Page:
I try the breaststroke—my forte on the swim team those many years ago—only to learn that in hypersaline lakes, the parts of the body with greatest subcutaneous fat float higher than others. My butt is bobbing like a life preserver, so I switch to the sidestroke and make a mental note to start climbing stairs at the office.

I can swim out the channel into the open lake, but it seems wiser to climb out on the far side and walk over to the swimming beach. I reenter the water next to a grime-encrusted buoy. Barnacles crunch underfoot. I wade out about 50 yards and it's still only knee-deep, and I keep running into rocks with my shin. Algae shifts back and forth, oozing up in jellylike fronds. OK. That's enough absolution for one day. "

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Well, it will be black water diving in Salton Sea, as we thought.
Just read an article from 99 where the Navy stumbled upon a crashed Avenger plane from WWII, looking for a more recently disappeared Piper Cherokee.They think that at least 24 planes crashed in or around the Salton Sea during WWII training.

This is the only diving activity I have found for the Salton Sea so far.

I found some facts about visibility, saying from six inches to two feet. That should be no problem for the ROV I think. But to dive around there among old spooky planes, buildings, bodies and more is not the most tempting challenge.

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Searching for more information about the sunken city, I found this article around a Spanish Galleon. The story tells that it was stuck in the Salton Sea and abandoned.
A nice pearl necklace would look great on me! :)

But it also proves that there is a sunken city down there, with homes, factories and other stuff.

No luck yet in finding any pictures or videos from below surface. Are we the first?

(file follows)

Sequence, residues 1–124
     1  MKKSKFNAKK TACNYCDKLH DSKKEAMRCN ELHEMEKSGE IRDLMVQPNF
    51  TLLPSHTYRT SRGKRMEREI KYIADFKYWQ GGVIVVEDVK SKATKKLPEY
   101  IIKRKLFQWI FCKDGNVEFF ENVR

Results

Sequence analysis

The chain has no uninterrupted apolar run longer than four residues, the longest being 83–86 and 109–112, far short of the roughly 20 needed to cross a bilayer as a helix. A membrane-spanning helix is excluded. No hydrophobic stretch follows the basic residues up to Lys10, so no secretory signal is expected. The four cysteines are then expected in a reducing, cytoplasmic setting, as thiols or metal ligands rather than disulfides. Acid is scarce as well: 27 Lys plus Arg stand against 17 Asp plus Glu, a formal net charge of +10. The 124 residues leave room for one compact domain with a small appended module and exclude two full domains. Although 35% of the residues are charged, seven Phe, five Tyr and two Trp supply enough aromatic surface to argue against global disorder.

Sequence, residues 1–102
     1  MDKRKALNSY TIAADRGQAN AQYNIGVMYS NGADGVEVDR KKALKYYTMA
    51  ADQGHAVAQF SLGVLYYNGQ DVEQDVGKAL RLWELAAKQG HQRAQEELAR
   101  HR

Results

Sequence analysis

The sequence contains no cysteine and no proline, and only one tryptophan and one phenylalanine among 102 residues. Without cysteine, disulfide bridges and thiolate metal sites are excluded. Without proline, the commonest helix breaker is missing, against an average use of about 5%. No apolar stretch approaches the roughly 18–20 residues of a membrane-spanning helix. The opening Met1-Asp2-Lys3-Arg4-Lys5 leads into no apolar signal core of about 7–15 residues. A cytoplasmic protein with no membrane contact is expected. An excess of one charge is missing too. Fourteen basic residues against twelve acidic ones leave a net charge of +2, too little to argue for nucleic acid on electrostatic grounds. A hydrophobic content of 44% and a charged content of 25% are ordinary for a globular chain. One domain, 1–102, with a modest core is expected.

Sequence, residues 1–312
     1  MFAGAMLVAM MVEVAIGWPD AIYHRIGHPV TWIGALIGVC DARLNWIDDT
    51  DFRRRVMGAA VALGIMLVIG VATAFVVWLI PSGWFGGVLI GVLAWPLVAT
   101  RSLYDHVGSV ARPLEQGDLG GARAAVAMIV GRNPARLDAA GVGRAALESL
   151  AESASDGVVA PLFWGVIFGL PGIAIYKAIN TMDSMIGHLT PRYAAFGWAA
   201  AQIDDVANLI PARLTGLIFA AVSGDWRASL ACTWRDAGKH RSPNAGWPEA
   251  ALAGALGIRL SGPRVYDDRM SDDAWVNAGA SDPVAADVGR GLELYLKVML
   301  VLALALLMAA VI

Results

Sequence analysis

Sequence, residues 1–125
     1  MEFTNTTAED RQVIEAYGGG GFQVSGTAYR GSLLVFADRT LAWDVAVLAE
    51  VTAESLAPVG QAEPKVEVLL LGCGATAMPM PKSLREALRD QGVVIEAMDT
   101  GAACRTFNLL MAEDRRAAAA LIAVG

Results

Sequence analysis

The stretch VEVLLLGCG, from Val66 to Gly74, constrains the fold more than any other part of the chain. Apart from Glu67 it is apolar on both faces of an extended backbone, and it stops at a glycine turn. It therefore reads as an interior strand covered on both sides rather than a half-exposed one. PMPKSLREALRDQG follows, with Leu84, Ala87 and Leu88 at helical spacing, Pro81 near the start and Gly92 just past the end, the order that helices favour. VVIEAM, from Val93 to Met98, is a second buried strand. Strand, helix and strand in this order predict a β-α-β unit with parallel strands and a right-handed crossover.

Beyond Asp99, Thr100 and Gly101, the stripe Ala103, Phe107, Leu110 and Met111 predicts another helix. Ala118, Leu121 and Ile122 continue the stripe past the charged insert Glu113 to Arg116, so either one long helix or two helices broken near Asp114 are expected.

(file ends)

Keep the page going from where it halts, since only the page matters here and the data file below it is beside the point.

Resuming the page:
I can't wait to see what else is down there!

articles.latimes.com/2003/jun/08/local/me-then8

The lost city of Salton has been underwater for nearly 100 years -- not as long as Atlantis, but a long time for California.

Fifty feet below the surface, the old wooden buildings of a saltworks factory, a few homes, telephone poles and miles of railroad tracks have been gathering moss, snagging fishing lines and providing a hiding place for corvina, croaker and tilapia.

But another myth, perhaps because it remains a myth, is the one that engages the imagination.

A 16th century Spanish galleon, laden with pearls, is said to have sailed up the Gulf of California into what is now the Salton Sea. A landslide or sandbar apparently blocked its escape, forcing the crew to abandon the ship and its precious cargo and walk out of the desert. As the water dried up, the hulk gradually sank beneath the shifting sands.

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I've been following the "Lost ship of the desert" story for quite some time. Here is the most recent story of the supposed galleon: http://crwd.mp/1zZpwo6

The most interesting aspect is the petroglyph of the sailing ship. There were only a handful of ships that were in the San Diego region before 1769, when Junipero Serra arrived in San Diego.

Good luck with the Salton Sea and anything else you may look for out in the desert!

Thanks Kevin_k this is really interesting stuff. I will definately dig a bit deeper into this and share anything I'll find with all of you.

Expedition Background

In 1905, heavy rainfall caused the Colorado River to form a dike which was built to provide water for the farms and the formerly dry Salton Sink, creating an artificial lake.

The town of Salton and a Southern Pacific railroad siding were completely submerged. This is one of the most mysterious places in California.
The Salton Sea is below sea level, and is believed to once be a settlement that was washed out by a river. Half this ghost town is now under the water. Railroad tracks lead into the water...

The fall of the Salton Sea was due to the salinity from local farming. The salinity levels became so high that fish as well as birds drinking the water, died, creating a beach of bones.
There is a rotten horrible smell over this place, and it is not a place you'd like to take a dip in. Who knows what is hiding down there.. -And who doesn't want to find out!

Follow us in this this exciting quest below the surface of the mysterious Salton Sea.

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Whoa cool! Is there a problem with alkali flies? I think they are one of the only insects which can live in super saline water so they have almost no competition.

Hi Erika
I really don't know. But it is worth checking up on. The Salton Sea has a large bird population though so they might definately be there. I know they populate Mono Lake, which also have a high salinity.

yeah! that's the one I was just learning about. I re-watched "Insects," narrated by David Attenborough. Don't we just love those BBC specials? I can't wait to hear more!

Very cool! Keep us updated as much as you can.

Hello. Is your project still going? I'm really interested in hearing more about it?